Naila Rashid, Sadaf Nasir
Dr. Naila Rashid, Dr. Sadaf Nasir
PGT (Psychology) SSSC Boys, AMU, Aligarh,
Guest Faculty, D/o. Sociology, AMU, Aligarh,
Volume - 4,
Issue - 3,
Year - 2013
Everywhere women are confronted with many challenges. Female foeticide is perhaps one of the worst forms of violence against women where a woman is denied her most basic and fundamental right i.e “the right to life”. Feticide or foeticide is an act that causes the death of a fetus (http://en.wikipedia.org/wiki/Feticide). This act has been increasing making this world unsafe for women. Female foeticide is one of the most nefarious crimes on this earth; perhaps what is detestable is that the people who commit crime belong to the educated class. To this menace our ancestral and biased view about male child, lack of education, ever increasing population and dowry have been good propellants (www.legalserviceindia. com/article/l292-Female-Foeticide.html). The phenomenon of female foeticide in India is not new, where female embryos or foetuses are selectively eliminated after pre-natal sex determination, thus eliminating girl child even before they are born. As a result of selective abortion, between 35 and 40 million girls and women are missing from the Indian population. In some parts of the country, the sex ratio of girls to boys has dropped to less than 800:1000. The United Nations has expressed serious concern about the situation. The long standing tradition of son preference, coupled with medical technology now gives to the status conscious Indian families, the choice between payment of large dowry for their daughters or elimination of daughters. The traditional method of getting rid of the unwanted girl child was female infanticide, where the female baby was done away with after birth in various ways-either by poisoning the baby or letting her choke on husk or simply by crushing her skull under a charpoy. With the advancement of medical technology sophisticated techniques can now be used or rather misused, to get rid of her before birth. Through ultrasound scans and amniocentesis, the sex of the foetus can be determined during the pregnancy of the woman and then the foetus is aborted if found to be female (Mehta & Jayna, 2001).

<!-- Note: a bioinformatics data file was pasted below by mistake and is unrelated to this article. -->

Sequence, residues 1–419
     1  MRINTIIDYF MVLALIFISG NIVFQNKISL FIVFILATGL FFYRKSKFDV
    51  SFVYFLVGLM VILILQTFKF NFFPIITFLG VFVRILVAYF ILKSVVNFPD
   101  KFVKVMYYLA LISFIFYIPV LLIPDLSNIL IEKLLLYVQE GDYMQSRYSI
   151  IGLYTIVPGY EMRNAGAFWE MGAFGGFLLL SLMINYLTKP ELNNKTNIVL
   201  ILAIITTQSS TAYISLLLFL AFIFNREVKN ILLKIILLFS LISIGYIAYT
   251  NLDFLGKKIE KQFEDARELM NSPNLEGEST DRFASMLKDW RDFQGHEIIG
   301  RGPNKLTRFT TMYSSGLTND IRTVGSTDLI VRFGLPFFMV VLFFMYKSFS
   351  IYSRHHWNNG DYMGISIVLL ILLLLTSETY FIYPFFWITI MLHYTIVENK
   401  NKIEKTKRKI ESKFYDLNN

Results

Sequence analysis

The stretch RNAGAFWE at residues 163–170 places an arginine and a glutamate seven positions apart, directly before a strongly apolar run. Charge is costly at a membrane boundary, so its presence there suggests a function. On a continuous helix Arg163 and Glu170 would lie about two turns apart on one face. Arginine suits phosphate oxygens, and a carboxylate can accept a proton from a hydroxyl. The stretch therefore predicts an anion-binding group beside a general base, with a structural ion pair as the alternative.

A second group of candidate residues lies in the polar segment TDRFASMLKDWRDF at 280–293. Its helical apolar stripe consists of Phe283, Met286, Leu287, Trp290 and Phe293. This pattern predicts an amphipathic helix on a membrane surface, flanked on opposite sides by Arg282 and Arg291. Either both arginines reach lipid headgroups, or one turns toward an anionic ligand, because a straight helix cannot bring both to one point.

Cite this article:
Naila Rashid, Sadaf Nasir. Female Foeticide in India: Causes and Consequences. Research J. Humanities and Social Sciences. 4(3): July-September, 2013, 344-346.
Naila Rashid, Sadaf Nasir. Female Foeticide in India: Causes and Consequences. Research J. Humanities and Social Sciences. 4(3): July-September, 2013, 344-346. Available on: https://www.rjhssonline.com/AbstractView.aspx?PID=2013-4-3-10